Tuesday, April 17, 2012

Religion and State in Israel - April 16, 2012 (Section 1)

Religion and State in Israel

Editor – Joel Katz
Religion and State in Israel is not affiliated with any organization or movement.

By Kobi Nahshoni www.ynetnews.com April 11, 2012

Representatives of the non-Orthodox Jewish movements in Israel have complained to the tourism minister and the minister of public diplomacy and diaspora affairs against Israel's hotels, which they claim are systematically discriminating against tourist groups from abroad by not allowing them to hold prayer services according to their customs.
Executive Director and CEO of the Masorti Movement Yizhar Hess said: "There is no connection between the rules of kashruth and their enforcement in the kitchen and the activities in other departments of the hotel...”

By Judy Lash Balint, Joint Media News Service www.jewishjournal.com April 10, 2012

A quiet revolution is taking place in the Israeli education system.  

When the next school year begins in September, a third stream of state-approved schools will join the existing secular (mamlachti) and religious (mamlachti dati) school systems that have defined Israeli education since the founding of the state.

According to Rabbi Michael Melchior, founder of Meitarim, the Network for Jewish Democratic Education, Knesset approval in February to implement a comprehensive State Pluralistic Education System will encourage students from both observant and secular backgrounds to study together, with a curriculum based on Jewish values of tolerance, Jewish peoplehood and humanism.

By Nathan Jeffay www.thejc.com April 11, 2012

A new service allows diaspora Jews who want to marry in Israel to organise their marriage licence online.

Thousands of Jews fly to Israel to get married every year, but they have long been daunted by the bureaucracy of applying for a marriage licence from Israel's rabbinate.

Over the years many have given up and circumvented the Israeli rabbinate, bringing their own rabbi from abroad and registering the marriage back home. 

But given that Israel law states that marriages can only be performed by the national rabbinate, this has been seen as legally problematic.

JPost.com Editorial www.jpost.com April 10, 2012

Bringing together religious and secular Israelis in a military framework entails compromise on both sides.

Secular soldiers need to understand that enforcing kosher rules enables their religious fellows to serve with them.

But religious soldiers and their rabbis also have an obligation. They should do their best to find leniencies in Halacha where possible so that secular soldiers are not forced to endure unnecessary burdens.

Whether the issue is gender segregation, threats to refuse military orders to evacuate a settlement, or adherence to Shabbat, religious soldiers and their rabbis should embrace moderation, not religious extremism.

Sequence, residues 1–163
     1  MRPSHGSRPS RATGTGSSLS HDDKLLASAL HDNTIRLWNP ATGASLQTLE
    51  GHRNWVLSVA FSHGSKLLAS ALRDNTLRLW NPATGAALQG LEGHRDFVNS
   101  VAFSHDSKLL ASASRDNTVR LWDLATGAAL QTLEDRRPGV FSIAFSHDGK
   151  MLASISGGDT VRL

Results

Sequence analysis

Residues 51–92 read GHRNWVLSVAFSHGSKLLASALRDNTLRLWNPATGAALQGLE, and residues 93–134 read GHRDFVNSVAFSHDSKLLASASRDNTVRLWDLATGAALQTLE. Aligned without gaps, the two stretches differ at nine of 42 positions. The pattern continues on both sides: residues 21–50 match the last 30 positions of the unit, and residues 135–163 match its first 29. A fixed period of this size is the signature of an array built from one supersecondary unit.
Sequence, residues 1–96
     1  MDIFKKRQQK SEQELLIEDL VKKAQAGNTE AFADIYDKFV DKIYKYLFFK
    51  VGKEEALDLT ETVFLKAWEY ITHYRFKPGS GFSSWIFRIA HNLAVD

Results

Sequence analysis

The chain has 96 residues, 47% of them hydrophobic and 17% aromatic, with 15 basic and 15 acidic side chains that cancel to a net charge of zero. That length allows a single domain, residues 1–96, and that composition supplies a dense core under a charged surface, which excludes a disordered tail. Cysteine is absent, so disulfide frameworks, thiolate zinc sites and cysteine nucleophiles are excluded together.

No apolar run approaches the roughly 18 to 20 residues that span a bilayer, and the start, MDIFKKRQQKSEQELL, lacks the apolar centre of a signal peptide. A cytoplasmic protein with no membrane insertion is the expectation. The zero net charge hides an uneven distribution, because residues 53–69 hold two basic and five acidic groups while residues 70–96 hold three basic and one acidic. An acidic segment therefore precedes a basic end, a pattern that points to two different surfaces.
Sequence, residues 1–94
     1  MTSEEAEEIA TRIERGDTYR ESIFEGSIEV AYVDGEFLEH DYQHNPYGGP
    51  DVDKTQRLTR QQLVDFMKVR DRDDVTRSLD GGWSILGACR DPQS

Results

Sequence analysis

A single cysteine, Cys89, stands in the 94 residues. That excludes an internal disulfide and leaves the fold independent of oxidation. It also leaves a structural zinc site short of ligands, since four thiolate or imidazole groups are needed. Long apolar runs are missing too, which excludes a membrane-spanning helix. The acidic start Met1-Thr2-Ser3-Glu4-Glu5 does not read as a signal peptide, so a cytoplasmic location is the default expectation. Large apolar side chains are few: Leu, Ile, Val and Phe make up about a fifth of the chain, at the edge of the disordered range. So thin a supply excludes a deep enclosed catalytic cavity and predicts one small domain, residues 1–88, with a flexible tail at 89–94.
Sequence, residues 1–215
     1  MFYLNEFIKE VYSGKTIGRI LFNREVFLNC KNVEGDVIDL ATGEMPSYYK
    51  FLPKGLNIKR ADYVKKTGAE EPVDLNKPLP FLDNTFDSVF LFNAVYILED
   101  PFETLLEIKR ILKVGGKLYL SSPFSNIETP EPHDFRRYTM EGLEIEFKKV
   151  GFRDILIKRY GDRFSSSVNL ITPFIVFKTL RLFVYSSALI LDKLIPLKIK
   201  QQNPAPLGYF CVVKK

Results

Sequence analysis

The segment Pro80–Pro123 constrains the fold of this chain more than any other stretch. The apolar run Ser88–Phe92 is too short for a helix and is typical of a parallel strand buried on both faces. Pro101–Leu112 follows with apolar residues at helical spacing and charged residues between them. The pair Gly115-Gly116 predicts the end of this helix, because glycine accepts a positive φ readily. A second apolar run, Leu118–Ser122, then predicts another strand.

By Jeremy Saltan www.jewishpress.com April 16, 2012

The human resources division of the IDF reported last week that they were forced not to draft 100 ultra-orthodox men that would have enlisted due to cutbacks in per-soldier finances from the treasury.

Asked why the Treasury cut down on the financing, the officer said: “The cost of a haredi soldier is very high, we have to pay him for family costs, special training (without women), special food, Torah lessons – all these things cost money. 

We get 5400NIS  per month per soldier from the treasury, and they needed to cut down to make the budget for 2011.”

By Jeremy Sharon www.jpost.com April 16, 2012

Several prominent national-religious rabbis have expressed support for Lt.-Col. Shalom Eisner, the officer who was filmed striking a pro-Palestinian activist in the face with his M-16 rifle.

Former IDF chief rabbi Avihai Rontzki has also weighed in on the incident, and slammed what he labeled “an instinctive and impulsive” reaction against an officer who has “given his life everyday for the sake of the Jewish nation.”

By Meir Wikler Opinion www.haaretz.com April 15, 2012
Dr. Meir Wikler is a Brooklyn based psychotherapist, author and lecturer.

When Yad Vashem in Jerusalem opened its new wing, known as The Holocaust History Museum, in 2005, it was much ballyhooed as a state of the art, multi-million dollar Holocaust museum to top all others.

While praise for the new museum wing has poured forth from dignitaries and laymen, the unified opposition of so-called ultra-orthodox, or Haredi Jewry, has stuck out like a sore thumb. Why have Haredim been so upset?

By Iris Rosenberg www.haaretz.com April 15, 2012
Iris Rosenberg is the Spokesperson at Yad Vashem, Jerusalem.

Meir Wikler’s latest article on what he perceives as bias against Haredim at Yad Vashem is replete with misinformation.

To claim, as his headline does, that “Yad Vashem honors only Holocaust’s secular victims” is outrageous and can only be a result of an unfounded bias.

By Avi Rath Opinion www.ynetnews.com April 11, 2012

How simplistic and shallow it is to define “religious” and “secular” based on superficial, irrelevant criteria. 

We got so used to the stereotype whereby anyone who has a beard and sidelocks is automatically religious, not to mention a rabbi, while the guy with the ponytail or earring is automatically classified as a secular.

…The time has come to mature and leave this childish approach behind.

By Jeremy Sharon www.jpost.com April 16, 2012

The Jerusalem District Court postponed Monday morning the evidentiary stage in the trial of Rabbi Motti Elon for alleged indecent acts, in order to allow the defense team time to review the new material and to present its response to the state attorney’s office.